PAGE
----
The universe is expanding.
Meaning everything in the universe gets more distant from everything else in the universe at every instant.
This is a little bit mind-blowing.
It’s like this: the universe – that is, outer space and all the objects in it – is like a loaf of raisin bread baking. The bread is space and the raisins are things like planets and stars and comets. As the bread bakes, the raisins sprinkled throughout become more and more distant from each other in every direction, because they aren’t being pushed anywhere themselves; the space between them is just becoming more spherical.
Does that make sense? The universe is becoming more and more spherical. The universe is becoming more and more infinite.
Sometimes I feel like I’ve fallen in a crack in the expanding raisin-bread universe. Not that I’ve been forgotten, just that in the expansion I have failed to pay enough attention and lost my footing and slipped on the newly (more) spherical surface of things into the extra space that has made everything else more distant.
I am in love with the concept of infinity and I also hate it, a lot. I hate that it never means anything concrete. I love that it is ever-changeable and yet still completely unexplainable. I hate that it can sometimes practically mean zero.
When I’m afraid I’ve fallen in a crack in the universe, I think that maybe I have fallen into infinity – but maybe I’ve fallen into zero. Maybe I’m just a poet that has taken a few too many math courses and maybe the astronomy class I took for science credit affected me too much. Maybe I should go to sleep and see where I am standing tomorrow. It will probably be solid ground, not imaginary universe cracks. I realize how in-the-clouds I sound sometimes.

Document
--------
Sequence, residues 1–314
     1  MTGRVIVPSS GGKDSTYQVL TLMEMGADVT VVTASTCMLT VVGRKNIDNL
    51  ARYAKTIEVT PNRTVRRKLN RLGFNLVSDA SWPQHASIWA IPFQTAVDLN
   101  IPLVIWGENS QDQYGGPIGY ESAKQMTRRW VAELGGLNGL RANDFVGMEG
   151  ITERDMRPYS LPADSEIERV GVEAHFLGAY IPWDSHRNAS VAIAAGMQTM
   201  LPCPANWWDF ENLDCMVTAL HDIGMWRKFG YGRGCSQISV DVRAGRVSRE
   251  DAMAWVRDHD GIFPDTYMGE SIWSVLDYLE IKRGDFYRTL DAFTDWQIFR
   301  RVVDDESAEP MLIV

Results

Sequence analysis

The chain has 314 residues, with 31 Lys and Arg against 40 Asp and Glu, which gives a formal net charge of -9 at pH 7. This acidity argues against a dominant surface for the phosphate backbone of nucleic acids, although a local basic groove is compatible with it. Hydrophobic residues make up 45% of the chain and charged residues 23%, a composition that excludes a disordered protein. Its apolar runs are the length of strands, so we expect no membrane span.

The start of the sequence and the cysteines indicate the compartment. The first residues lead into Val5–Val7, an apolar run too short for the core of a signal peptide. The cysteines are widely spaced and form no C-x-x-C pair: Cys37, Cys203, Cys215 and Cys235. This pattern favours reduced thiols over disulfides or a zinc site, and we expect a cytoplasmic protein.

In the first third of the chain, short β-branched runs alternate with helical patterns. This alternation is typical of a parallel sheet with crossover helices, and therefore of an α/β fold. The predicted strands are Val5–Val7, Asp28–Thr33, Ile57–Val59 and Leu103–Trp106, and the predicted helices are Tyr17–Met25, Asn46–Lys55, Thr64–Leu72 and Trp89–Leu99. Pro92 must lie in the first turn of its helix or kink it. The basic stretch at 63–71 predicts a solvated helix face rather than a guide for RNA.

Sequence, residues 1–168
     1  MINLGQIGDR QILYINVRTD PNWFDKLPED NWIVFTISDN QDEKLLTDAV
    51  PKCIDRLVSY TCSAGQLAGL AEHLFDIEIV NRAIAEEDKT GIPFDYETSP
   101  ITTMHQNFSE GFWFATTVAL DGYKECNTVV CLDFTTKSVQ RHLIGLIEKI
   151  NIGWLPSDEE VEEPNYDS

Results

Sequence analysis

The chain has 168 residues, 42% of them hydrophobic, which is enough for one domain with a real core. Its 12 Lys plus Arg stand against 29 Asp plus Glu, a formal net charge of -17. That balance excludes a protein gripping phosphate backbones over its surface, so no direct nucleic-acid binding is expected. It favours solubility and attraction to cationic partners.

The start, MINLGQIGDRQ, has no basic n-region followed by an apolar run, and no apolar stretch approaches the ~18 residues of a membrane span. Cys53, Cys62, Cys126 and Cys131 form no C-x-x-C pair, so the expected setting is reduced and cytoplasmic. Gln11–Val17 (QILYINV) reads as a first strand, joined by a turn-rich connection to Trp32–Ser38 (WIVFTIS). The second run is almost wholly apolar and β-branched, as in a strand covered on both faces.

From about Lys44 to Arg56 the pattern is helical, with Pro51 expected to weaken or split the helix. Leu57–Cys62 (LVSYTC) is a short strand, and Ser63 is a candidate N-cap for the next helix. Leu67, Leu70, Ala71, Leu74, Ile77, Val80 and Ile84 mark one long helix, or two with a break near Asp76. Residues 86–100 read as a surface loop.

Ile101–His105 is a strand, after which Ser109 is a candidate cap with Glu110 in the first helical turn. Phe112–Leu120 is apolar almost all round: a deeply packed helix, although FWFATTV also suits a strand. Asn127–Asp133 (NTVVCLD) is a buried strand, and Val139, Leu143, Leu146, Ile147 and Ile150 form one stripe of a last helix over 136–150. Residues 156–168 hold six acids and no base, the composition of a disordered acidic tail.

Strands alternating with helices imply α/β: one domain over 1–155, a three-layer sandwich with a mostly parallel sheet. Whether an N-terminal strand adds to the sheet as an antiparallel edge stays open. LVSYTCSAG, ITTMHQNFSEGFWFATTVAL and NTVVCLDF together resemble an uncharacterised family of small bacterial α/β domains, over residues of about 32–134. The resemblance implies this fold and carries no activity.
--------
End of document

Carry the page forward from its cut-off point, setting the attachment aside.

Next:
It doesn’t help.
What helps is realizing that while the universe keeps spreading and becoming more infinite and maybe more zero, so are the cracks that slip between the places I think I should be. And as the cracks expand, they become more spherical and become integral parts of the universe. They become new places, new spheres that I will slip on and fall through and worry about. And eventually, I become part of that infinity. Or zero.
But I’m going to call it infinity.
About the Author (Author Profile)Cecilia – or Ceci, but never Sassy – is a managing editor for Culture Shock and a junior majoring in Comparative Literature and minoring in math. She's from El Paso, Texas, which ensures that she occasionally speaks in Spanglish and is always fascinated by precipitation. Ceci likes spoken word poetry, basketball, and bad knock-knock jokes. Follow Ceci on Twitter: @CCWeddell
Sites That Link to this Post
- Life Beyond Earth | Culture Shock | November 26, 2013